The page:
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Book Review 12

Page history last edited by caloy 15 years, 11 months ago



First Chapter

    This chapter is superior to most dealing with business ethics in that it does not simply address issues specific to the business world, but it is also philosophically sophisticated, yet not so sophisticated that it is incomprehensible to those who don’t specialize in philosophy and ethics.

    It certainly covers quite a lot of ground when it comes to business-specific issues, with large sections on the nature of ethics in social organizations, the obligations of employees, the rights of employees, the rights of consumers, obligations to the environment, and of course ethics in accounting practices.

Second Chapter

    The chapter covers a great deal of philosophical and ethical ground, summarizing in the introduction various basic ethical theories and weighing their strengths and weaknesses. This discussion of utilitarianism, egoism and deontology is good enough that it would be worthwhile for anyone to read, even if they aren’t very interested in the rest.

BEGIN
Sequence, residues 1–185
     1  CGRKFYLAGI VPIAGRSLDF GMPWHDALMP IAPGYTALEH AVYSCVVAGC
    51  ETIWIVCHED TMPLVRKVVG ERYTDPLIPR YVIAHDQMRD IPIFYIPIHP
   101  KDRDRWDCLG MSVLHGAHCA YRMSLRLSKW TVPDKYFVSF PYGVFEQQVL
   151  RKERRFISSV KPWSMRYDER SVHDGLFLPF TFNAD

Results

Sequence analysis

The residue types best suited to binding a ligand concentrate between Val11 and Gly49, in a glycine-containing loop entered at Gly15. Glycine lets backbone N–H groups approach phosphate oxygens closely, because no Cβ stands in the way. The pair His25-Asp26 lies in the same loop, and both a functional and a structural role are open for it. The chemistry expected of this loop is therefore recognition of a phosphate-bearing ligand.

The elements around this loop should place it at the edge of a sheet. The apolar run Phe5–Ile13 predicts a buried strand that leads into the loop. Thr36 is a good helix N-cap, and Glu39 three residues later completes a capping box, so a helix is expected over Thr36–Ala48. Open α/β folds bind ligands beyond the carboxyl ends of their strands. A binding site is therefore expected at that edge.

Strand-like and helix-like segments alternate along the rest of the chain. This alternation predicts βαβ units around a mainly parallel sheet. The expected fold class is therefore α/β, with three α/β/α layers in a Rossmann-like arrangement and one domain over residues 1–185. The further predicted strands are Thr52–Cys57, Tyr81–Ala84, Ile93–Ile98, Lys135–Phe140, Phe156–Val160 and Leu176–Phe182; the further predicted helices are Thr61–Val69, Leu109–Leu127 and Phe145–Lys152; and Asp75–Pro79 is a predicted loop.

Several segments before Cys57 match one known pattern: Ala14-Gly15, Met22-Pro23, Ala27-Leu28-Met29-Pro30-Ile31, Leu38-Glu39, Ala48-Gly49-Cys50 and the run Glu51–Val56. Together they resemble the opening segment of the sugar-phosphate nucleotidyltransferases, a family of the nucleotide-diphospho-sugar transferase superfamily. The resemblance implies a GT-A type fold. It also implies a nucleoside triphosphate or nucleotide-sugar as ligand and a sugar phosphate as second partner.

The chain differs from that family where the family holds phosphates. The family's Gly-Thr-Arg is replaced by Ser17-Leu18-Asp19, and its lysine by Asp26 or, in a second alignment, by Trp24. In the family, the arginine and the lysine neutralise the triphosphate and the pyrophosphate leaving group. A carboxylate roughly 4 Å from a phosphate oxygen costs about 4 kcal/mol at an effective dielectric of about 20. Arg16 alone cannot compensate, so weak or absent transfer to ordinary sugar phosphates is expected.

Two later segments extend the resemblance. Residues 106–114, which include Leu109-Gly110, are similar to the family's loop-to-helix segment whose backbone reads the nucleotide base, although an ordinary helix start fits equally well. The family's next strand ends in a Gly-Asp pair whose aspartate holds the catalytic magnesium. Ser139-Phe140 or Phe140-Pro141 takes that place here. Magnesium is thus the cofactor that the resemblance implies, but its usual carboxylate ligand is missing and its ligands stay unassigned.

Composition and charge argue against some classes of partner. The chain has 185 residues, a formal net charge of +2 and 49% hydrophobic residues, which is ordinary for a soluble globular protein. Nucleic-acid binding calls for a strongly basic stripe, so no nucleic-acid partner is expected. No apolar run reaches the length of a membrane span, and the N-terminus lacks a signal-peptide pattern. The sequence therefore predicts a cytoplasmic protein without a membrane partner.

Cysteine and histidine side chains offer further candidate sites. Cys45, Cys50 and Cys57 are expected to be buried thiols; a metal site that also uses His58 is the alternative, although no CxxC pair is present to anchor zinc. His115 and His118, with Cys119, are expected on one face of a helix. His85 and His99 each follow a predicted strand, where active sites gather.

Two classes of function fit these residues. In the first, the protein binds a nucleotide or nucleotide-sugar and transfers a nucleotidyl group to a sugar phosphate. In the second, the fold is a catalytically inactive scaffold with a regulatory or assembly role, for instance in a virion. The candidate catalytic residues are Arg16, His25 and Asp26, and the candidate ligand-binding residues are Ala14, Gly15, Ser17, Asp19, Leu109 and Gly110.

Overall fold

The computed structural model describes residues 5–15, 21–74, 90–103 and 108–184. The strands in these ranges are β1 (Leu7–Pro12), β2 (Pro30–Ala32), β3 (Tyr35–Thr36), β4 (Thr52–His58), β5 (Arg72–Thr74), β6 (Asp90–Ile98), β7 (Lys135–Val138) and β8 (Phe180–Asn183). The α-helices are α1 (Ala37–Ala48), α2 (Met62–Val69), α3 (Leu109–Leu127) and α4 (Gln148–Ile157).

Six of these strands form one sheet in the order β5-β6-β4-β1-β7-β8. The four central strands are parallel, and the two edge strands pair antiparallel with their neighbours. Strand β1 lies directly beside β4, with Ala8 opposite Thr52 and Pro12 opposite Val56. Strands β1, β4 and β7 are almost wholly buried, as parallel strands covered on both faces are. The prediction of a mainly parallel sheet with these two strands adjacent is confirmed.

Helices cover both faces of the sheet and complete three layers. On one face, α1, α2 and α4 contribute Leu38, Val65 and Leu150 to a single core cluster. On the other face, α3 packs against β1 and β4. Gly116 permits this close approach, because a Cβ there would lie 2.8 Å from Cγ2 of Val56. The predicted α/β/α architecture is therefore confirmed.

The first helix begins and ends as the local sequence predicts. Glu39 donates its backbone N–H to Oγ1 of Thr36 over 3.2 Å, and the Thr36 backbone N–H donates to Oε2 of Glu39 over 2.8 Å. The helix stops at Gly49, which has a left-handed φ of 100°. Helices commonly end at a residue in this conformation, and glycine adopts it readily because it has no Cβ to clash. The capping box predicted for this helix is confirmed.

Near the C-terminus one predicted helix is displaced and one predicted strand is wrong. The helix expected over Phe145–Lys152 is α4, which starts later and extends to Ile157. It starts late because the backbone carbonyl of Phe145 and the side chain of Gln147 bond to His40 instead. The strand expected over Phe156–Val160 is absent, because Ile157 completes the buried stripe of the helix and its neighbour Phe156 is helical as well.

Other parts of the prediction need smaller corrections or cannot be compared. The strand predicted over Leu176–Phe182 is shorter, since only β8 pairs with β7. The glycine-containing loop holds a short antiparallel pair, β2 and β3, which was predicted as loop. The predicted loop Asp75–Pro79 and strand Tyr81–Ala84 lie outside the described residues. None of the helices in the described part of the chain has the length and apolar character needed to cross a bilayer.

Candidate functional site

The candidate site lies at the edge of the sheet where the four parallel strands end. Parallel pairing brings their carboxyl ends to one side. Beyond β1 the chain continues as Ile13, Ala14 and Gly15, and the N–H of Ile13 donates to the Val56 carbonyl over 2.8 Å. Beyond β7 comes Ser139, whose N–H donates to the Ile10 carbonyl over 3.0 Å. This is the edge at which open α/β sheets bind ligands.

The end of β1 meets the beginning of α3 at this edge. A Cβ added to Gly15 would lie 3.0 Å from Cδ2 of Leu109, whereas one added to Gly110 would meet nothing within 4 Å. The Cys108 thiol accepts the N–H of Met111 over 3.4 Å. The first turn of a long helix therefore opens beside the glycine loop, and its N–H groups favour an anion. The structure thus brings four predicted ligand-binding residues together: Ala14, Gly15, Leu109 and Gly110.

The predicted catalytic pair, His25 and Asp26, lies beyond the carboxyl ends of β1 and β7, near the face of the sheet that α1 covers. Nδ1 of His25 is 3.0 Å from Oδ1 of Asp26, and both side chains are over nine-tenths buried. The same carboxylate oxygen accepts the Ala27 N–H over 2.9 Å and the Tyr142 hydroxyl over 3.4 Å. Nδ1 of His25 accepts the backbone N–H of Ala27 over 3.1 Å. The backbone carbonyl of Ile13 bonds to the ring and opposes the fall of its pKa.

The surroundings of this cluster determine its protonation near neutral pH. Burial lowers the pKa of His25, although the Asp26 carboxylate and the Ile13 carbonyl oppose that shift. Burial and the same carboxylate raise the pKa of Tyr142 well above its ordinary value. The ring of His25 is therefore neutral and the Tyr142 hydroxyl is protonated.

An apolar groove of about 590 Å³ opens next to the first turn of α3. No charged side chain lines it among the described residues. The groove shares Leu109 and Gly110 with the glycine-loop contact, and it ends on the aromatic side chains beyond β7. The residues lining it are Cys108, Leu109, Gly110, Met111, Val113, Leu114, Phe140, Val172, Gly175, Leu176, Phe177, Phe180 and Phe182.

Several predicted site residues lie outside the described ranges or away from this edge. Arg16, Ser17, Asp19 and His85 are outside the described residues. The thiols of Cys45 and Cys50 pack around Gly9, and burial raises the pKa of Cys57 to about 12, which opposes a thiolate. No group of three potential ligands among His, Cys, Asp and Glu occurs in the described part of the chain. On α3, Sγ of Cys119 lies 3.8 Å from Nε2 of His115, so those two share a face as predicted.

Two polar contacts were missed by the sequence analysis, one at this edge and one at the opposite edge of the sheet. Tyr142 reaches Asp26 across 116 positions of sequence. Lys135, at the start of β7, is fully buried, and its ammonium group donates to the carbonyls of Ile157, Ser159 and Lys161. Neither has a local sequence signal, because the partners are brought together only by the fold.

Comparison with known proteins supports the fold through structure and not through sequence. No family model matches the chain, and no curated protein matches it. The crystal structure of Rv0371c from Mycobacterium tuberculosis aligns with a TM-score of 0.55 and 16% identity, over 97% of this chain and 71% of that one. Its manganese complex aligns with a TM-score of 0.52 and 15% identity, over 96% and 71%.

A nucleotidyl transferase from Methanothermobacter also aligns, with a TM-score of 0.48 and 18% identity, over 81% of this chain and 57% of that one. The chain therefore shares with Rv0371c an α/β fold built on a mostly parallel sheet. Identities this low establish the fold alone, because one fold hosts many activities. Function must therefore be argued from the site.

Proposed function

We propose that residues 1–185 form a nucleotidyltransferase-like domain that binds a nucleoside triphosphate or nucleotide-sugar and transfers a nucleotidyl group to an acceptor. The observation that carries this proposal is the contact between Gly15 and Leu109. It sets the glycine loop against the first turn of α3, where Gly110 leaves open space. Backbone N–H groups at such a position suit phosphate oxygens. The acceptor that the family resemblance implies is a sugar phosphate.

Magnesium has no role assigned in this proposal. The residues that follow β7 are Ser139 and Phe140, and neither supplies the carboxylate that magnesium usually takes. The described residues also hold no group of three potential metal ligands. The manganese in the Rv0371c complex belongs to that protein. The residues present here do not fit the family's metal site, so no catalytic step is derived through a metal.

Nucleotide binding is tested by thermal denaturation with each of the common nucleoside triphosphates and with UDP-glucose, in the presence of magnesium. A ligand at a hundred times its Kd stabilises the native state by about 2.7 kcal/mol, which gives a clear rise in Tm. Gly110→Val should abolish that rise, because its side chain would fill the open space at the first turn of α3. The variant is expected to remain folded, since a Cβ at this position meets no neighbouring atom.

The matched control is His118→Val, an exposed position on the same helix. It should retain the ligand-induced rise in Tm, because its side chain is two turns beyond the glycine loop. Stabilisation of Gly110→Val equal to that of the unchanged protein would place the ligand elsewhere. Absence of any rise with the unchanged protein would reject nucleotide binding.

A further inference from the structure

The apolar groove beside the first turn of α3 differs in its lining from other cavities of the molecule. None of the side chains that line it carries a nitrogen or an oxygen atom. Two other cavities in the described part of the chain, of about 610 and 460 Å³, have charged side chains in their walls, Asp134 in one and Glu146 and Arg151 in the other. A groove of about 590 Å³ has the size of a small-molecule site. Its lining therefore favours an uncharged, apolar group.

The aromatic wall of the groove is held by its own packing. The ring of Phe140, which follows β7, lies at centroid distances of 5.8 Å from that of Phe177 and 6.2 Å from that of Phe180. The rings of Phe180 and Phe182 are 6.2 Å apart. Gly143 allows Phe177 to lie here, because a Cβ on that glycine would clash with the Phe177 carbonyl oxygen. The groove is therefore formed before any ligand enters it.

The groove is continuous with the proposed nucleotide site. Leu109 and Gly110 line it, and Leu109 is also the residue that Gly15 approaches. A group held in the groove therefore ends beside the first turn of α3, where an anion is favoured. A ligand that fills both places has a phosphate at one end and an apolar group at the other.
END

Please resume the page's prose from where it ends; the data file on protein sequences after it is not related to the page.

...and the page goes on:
The choices of articles are also excellent, providing a number of different perspectives on the responsibilities and duties of business organizations. For example, arguing that the basic obligation of corporations is to maximize value and profit to shareholders, and thus any ethical duties, which might reduce such value, simply do not apply.

Third Chapter

    Contrasting essays here are also shown, but it is unusual to have a chance to read articles which do not hide the fact that they are specifically arguing against the idea that ethics should have much of a role in business. Because the essays are well organized and argued, it presents others with an opportunity to provide a thorough critique of the inferences behind the perspective that moral issues need not trouble the decisions made by corporate leaders.

Reference: Business Ethics: Corporate Values and Society, Author/s: Milton Snoeyenbos, Robert Almeder, James Humber



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